In the following cases the general rule of tax abatement and period of incentive is varied:
a. Corporations undertaking a project of national and strategic importance involving heavy capital investment and high technology will be granted full exemption on its profits. The tax-relief period may be extended for a further five years. Projects recognized as of national and strategic importance include forest plantation activities, projects with Multimedia
Super Corridor status and production of electronic wafers;
b. High-technology companies engaging in a promoted activity or in the production of a promoted product in areas of new and emerging technologies, as well as companies participating in an industrial linkage program, may be granted pioneer status, which entitles them to full exemption on profits for a period of five years;
c. Corporations with projects eligible for pioneer status that are located in the eastern corridor states of Peninsular Malaysia, Sabah and Sarawak will be granted an abatement of 85% of their profits for five years. An existing pioneer or ex-pioneer corporation that undertakes an expansion program through a subsidiary or controlled company in the eastern corridor states of Peninsular Malaysia, Sabah or Sarawak that involves the same promoted activities or promoted products is eligible for a second round of pioneer status or investment tax allowances if certain conditions are satisfied. The eastern corridor states include Kelantan, Trengganu and certain designated areas in the states of Pahang and Johor.
2. Deduction for export expenses: Resident corporations in the manufacturing, hotel, tourism, and service sectors are entitled to double deduction for expenditure incurred on the promotion of exports, such as overseas advertising, free samples, export market research, participation in trade exhibitions, preparation of tenders, travel, participation in virtual trade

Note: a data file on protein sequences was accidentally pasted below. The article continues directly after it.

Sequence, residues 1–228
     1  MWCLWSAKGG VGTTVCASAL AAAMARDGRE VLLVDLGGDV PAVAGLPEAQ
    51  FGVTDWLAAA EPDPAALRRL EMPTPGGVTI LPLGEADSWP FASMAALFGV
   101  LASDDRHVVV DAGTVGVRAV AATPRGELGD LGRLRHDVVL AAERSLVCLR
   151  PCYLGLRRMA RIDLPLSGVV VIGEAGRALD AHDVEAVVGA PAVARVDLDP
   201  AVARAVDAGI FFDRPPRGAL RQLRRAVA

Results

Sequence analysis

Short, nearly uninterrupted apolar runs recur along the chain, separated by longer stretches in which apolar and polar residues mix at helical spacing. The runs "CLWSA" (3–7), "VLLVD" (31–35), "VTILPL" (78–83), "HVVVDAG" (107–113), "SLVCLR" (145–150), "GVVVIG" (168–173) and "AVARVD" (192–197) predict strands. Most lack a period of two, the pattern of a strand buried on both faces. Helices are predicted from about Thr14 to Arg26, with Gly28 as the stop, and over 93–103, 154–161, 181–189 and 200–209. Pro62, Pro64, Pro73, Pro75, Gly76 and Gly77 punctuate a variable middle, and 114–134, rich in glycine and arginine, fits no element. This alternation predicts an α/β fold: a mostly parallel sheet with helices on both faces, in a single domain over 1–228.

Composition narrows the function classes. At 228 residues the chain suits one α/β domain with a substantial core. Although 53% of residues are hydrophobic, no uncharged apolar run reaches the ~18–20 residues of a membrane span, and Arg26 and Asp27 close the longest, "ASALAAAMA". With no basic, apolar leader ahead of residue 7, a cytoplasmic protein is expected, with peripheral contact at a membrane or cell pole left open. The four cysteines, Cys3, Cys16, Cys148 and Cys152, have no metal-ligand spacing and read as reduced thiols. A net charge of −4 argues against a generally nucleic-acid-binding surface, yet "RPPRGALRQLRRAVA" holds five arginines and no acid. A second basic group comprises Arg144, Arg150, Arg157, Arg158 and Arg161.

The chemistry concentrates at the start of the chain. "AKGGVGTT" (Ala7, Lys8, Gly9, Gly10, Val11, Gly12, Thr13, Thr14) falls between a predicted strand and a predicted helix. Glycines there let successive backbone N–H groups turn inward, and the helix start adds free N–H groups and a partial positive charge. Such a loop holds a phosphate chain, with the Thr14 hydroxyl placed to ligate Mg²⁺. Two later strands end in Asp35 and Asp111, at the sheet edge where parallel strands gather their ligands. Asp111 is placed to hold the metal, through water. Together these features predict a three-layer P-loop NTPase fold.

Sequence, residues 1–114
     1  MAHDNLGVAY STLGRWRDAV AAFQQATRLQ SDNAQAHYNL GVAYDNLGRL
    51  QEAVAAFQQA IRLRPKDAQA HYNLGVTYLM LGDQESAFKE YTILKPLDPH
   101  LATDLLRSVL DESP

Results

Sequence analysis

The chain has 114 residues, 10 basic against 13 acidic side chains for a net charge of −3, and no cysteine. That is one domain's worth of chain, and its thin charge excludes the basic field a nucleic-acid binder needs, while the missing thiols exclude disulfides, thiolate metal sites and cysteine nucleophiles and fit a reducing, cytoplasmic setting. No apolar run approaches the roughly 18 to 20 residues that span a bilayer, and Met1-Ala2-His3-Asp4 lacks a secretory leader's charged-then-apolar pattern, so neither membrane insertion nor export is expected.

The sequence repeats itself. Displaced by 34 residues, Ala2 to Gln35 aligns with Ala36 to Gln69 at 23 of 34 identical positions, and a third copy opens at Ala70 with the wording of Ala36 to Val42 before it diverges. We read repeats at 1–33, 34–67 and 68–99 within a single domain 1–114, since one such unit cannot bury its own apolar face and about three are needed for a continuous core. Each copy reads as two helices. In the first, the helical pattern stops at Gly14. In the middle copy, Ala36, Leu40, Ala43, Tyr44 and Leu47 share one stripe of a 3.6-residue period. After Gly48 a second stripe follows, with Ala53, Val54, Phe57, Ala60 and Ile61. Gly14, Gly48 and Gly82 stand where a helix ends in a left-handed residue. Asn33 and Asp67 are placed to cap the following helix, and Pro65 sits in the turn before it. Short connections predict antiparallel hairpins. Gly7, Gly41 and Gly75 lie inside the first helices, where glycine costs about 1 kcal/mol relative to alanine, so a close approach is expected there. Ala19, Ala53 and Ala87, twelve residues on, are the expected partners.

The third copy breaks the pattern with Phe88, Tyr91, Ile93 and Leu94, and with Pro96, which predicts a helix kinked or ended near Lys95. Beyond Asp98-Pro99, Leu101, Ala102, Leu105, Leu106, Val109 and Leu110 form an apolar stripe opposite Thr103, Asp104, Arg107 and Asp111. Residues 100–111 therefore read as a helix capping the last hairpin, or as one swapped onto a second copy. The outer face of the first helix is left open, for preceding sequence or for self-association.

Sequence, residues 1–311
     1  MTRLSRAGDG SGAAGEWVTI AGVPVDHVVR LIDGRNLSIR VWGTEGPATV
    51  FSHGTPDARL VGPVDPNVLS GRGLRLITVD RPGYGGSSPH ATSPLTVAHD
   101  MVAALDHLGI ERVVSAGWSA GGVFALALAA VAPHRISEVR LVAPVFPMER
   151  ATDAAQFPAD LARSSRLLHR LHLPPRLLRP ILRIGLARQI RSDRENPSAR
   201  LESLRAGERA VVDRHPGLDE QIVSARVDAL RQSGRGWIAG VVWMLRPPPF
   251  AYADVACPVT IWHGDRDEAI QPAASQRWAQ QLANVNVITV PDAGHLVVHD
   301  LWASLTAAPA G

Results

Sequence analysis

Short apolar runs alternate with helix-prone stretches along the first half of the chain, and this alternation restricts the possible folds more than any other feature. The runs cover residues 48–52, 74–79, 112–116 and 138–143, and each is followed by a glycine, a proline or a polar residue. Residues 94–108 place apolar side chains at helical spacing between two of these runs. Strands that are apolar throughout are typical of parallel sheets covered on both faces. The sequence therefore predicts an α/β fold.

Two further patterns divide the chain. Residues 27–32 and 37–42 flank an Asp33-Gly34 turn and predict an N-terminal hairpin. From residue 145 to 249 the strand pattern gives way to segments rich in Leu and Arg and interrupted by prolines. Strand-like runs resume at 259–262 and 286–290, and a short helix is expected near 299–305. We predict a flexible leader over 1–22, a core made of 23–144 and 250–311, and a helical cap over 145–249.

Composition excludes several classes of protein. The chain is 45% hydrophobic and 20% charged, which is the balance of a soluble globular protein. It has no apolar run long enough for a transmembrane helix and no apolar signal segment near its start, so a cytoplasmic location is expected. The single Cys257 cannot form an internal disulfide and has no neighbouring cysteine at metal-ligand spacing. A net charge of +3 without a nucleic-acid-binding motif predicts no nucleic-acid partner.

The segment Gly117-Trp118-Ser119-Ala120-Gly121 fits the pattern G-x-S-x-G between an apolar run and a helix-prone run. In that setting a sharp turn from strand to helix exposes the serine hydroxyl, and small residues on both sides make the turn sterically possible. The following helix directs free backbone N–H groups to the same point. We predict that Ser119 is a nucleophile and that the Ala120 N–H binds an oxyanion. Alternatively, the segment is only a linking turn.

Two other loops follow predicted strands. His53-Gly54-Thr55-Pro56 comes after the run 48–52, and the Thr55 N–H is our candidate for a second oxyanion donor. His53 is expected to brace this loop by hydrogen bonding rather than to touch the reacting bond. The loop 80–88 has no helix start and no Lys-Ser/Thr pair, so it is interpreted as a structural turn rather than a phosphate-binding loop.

show, participation in trade portals for promotion of local products, maintenance of overseas sales offices and warehouses. Expenses incurred by pioneer companies are aggregated and set off against post-pioneer (taxable) profits.
Capital investment/Incentives for capital investment are as follows.
1. Investment tax allowance: A corporation may be granted an investment tax allowance (ITA) of 60% of capital expenditure incurred on a factory or plant and machinery used for the purposes of an approved manufacturing, agricultural, hotel, tourist, or other industrial or commerCIAl activity (other than one granted pioneer status). ITA is granted on capital expenditure incurred for a period of five years. For an integrated agricultural activity, ITA may be granted to both the agricultural and the processing activities for five years each.
The amount of investment tax allowance to be utilized for each year of assessment will be restricted to a maximum of 70% of the profits, while the balance of 30% of the profits will be taxed at the prevailing corporate income tax rate. Unutilized allowances may be carried forward indefinitely for setoff against future profits of the business. Dividends paid out of
exempt profits are not liable to tax in the hands of shareholders.
The ITA incentive is enhanced for the following types of project:
a. A corporation undertaking a project of national and strategic importance may be granted ITA at a rate of 100% and would be able to utilize the amount of ITA granted for setoff against the whole of its profits each year without restriction;
b. A high-technology company or a company participating in a promoted activity or producing a promoted product in an industrial linkage program may be granted ITA at the rate of 60%, and the amount of ITA would be available for setoff against its profits without restriction. This incentive is an alternative to pioneer status. (See 1(b) under “Inward
c. A company granted ITA in respect of a project located in the eastern corridor states of Peninsular Malaysia, Sabah or Sarawak would be granted ITA at a rate of 80%, and the amount of ITA that could be utilized for each year would be restricted to a maximum of 85% of the profits. An existing ITA or ex-ITA company that undertakes an expansion program through a subsidiary or controlled company in the eastern corridor states of Peninsular Malaysia, Sabah or Sarawak involving the same promoted activities or promoted products is eligible for a se